Pedestrians also don't have as much of a cross-street problem as cyclists. This is a place where pedestrians tend to pay attention and cars tend to look for them. Cyclists have a much bigger problem because 1) cars aren't looking for fast-moving vehicles on the sidewalk half a block away, 2) cyclists can't stop at a moment's notice when they realize the car isn't going to stop.
> Maybe the answer is to draw a line down the sidewalk to indicate to pedestrians and cyclists that they need to stay to the right (or left depending on country) so faster modes of transport can safely pass.
This doesn't generally work. Pedestrians will cross the line whenever it's convenient to do so, or if they're not paying attention, or whatever. You could maybe make it work by making it extremely wide, but then you might as well have separate paths and physical barrier between them.
> Maybe we should enforce a speed limit on bikes in certain areas.
Good luck with that. Most bikes don't have speedometers and in any event, the safe speed on a shared path is far slower than most cyclists want to travel, namely jogging speed.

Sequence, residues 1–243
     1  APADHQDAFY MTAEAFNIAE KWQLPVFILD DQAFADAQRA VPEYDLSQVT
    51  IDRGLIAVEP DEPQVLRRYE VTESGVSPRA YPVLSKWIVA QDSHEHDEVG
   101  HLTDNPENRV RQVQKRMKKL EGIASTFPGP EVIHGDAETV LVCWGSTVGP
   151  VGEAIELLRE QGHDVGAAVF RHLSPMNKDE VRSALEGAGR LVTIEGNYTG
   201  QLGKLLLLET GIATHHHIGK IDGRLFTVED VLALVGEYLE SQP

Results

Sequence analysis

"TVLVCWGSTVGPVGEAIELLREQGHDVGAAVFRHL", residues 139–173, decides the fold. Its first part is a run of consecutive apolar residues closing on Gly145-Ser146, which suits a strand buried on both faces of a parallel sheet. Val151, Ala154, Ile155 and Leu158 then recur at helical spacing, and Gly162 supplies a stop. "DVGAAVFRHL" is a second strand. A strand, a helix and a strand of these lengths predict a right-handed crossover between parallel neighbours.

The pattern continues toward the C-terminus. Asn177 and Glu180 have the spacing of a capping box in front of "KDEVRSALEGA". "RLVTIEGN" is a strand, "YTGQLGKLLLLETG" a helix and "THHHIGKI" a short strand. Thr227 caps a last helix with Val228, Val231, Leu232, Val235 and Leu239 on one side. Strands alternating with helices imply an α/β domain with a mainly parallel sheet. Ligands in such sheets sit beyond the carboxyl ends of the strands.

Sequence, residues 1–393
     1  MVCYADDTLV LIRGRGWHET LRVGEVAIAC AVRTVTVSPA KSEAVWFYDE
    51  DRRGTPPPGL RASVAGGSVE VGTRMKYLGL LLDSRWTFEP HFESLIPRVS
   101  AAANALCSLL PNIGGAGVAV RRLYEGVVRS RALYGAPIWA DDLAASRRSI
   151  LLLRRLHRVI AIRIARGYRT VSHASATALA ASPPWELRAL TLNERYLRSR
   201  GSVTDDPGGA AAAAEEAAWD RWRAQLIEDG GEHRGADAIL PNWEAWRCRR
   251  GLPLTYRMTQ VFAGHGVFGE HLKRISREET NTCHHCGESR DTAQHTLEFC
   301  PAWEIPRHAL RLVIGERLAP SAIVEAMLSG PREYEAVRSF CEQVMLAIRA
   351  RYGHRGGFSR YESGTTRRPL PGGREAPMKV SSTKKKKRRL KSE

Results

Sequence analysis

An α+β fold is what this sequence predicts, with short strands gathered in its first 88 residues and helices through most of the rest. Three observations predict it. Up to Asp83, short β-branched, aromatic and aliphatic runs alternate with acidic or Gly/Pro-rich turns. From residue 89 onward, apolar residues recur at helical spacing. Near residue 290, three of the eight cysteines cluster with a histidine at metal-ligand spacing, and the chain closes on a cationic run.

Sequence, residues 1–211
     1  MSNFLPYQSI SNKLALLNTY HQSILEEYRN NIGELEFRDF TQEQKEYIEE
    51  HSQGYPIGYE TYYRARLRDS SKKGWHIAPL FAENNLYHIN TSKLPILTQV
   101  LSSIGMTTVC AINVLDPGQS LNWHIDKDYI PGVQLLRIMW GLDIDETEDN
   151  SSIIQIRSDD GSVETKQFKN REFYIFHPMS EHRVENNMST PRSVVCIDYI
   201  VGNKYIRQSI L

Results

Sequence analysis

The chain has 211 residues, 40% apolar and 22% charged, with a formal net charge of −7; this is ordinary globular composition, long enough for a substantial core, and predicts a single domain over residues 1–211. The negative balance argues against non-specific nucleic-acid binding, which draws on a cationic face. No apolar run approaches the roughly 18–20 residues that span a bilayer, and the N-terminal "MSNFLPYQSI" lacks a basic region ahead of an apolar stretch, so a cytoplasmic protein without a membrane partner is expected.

> But all of the problems pedestrians face at the hands of cyclists, cyclists face against motor vehicles, but the danger is far greater. Getting hit at 45mph while you're riding at 10mph is a lot different than being hit while walking by a bike going 10mph.
That doesn't mean that dumping the problem on pedestrians is a good tradeoff. Not only do mixed-use paths put pedestrians at higher risk, they still put cyclists at risk (possibly worse risk, due to the intersection problem), and they frustrate both cyclists and pedestrians. It's not a good solution for anyone except leisurely cyclists who can frankly cycle on sidewalks today and it's fine.
Also, bikes are often going faster than 10mph.